Environmental Factor, July 2005, National Institute of Environmental Health Sciences
General Motors Selects NIEHS Grantee for Mott Award
By Blondell Peterson
General Motors named NIEHS grantee Gerald N. Wogan, Ph.D., Massachusetts Institute of Technology, the 2005 Mott laureate at the 27th anniversary of the GM Cancer Research Awards.
Wogan was recognized for his studies related to Aflatoxin, a mold and food contaminant that acts with the hepatitis virus to cause liver cancer. The award included a gold medal and $250,000. By 2005, GM gave more than $51 million to cancer research.
"For more than 25 years, Wogan was instrumental in fostering the development of cutting edge research that led to the identification of some of the leading environmental risk factors for cancer," said Bill Suk, Division of Extramural Research and Training.
Suk said Wogan's role in identifying the mechanism by which Aflatoxin causes liver cancer likely saved numerous lives worldwide. Aflatoxin is often found on products like corn, peanuts and other crops in Africa and Asia.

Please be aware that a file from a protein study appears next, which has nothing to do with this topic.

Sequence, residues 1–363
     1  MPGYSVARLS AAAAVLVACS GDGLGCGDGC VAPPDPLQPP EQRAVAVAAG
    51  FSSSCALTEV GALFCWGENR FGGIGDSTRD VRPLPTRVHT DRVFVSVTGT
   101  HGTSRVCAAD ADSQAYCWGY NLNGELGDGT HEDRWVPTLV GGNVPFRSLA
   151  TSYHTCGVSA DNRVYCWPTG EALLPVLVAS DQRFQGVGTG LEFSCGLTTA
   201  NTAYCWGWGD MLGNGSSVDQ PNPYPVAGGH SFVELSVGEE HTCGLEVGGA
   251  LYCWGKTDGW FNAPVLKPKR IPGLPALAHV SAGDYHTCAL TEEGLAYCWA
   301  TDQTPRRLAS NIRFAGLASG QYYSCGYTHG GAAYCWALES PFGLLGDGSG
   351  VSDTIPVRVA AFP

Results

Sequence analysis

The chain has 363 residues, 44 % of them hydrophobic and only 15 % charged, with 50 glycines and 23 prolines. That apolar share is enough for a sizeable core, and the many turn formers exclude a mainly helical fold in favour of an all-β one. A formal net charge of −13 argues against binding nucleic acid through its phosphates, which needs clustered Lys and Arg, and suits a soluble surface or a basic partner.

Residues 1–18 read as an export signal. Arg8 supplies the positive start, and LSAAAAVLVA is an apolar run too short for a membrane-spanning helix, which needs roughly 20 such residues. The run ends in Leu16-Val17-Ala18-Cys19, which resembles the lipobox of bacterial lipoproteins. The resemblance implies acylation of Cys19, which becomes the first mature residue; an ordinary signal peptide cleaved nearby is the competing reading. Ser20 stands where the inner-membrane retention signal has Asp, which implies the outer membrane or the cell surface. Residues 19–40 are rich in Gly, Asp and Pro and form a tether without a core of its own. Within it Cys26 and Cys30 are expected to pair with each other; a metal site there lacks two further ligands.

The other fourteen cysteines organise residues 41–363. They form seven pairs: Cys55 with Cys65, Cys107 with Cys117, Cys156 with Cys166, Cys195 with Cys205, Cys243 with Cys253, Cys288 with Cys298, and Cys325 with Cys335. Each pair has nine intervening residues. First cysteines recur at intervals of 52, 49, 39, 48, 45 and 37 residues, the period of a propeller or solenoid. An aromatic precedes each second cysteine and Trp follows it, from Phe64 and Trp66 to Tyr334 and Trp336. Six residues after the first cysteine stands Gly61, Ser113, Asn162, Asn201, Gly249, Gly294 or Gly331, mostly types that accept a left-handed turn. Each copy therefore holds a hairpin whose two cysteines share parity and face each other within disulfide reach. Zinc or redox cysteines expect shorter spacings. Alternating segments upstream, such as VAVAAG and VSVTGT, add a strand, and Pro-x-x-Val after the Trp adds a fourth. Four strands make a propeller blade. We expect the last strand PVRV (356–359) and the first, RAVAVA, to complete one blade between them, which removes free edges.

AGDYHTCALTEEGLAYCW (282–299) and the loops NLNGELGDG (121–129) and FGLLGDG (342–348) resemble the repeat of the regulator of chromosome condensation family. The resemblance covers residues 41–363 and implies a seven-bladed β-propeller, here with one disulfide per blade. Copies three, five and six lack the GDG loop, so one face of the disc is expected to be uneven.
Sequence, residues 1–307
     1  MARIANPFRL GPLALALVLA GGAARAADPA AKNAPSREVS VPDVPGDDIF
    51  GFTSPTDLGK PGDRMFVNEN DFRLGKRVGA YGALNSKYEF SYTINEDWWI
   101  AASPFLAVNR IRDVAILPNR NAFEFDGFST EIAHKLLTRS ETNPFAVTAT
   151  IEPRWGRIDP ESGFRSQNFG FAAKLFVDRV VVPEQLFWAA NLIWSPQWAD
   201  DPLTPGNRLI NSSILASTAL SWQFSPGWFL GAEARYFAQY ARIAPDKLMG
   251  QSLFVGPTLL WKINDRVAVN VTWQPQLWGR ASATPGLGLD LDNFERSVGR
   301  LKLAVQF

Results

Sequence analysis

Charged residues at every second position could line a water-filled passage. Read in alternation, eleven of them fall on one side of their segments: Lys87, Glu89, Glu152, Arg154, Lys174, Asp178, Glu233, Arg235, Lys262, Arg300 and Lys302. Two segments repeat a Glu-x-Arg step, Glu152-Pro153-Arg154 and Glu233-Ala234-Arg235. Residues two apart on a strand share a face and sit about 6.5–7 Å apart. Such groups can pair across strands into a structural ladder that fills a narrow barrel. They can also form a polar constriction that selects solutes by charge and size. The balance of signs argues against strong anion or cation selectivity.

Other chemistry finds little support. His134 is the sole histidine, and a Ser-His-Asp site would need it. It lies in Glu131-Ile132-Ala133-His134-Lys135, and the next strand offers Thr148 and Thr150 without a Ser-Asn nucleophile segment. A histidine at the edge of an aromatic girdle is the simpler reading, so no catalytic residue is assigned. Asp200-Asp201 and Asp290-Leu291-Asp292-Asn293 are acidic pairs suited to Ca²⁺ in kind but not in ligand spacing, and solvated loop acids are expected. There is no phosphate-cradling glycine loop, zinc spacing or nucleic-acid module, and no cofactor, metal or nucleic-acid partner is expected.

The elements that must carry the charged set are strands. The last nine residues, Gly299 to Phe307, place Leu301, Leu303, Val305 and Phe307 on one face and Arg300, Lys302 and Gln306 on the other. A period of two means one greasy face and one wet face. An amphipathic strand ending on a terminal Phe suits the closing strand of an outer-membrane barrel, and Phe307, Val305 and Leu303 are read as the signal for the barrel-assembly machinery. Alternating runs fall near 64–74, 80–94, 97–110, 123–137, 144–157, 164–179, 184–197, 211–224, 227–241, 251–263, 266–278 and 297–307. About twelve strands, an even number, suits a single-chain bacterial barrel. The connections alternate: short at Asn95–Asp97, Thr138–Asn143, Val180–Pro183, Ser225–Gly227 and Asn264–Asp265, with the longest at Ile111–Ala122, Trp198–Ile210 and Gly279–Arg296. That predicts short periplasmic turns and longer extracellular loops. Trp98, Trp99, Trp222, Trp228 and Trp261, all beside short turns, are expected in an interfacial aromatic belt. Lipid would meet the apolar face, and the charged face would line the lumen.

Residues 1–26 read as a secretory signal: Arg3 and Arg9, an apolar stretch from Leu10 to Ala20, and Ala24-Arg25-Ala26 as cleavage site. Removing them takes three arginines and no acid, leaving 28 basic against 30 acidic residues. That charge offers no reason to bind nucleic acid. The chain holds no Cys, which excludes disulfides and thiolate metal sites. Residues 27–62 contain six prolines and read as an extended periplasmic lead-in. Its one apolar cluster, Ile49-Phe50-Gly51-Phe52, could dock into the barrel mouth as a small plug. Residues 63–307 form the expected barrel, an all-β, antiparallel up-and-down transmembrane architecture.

In addition to teaching at MIT, Wogan served as head of the Department of Applied Biological Sciences, director of the Division of Toxicology and founding director of the Center for Environmental Health Sciences. He is also serving as a senior research fellow in the Laboratory of Human Carcinogenesis at the National Cancer Institute and visiting professor in the Department of Environmental Health Sciences of Johns Hopkins University.
"Dr. Wogan is that rare breed of scientist who not only conducts outstanding research and publishes excellent papers, but also finds the time to mentor up-and-coming scientists," said Suk. "He probably has fostered a love of science to more than 200 scientists who are now in leadership positions across the country as well as internationally."
In addition to the Mott Award, GM presented the Charles F. Kettering Award and the Alfred P. Sloan Jr. The prizes were named in honor of three distinguished former General Motors executives who were particularly interested in health sciences. The three award recipients were also guest speakers at the June 15 NIH Director's Wednesday Afternoon Lecture in the Masur Auditorium.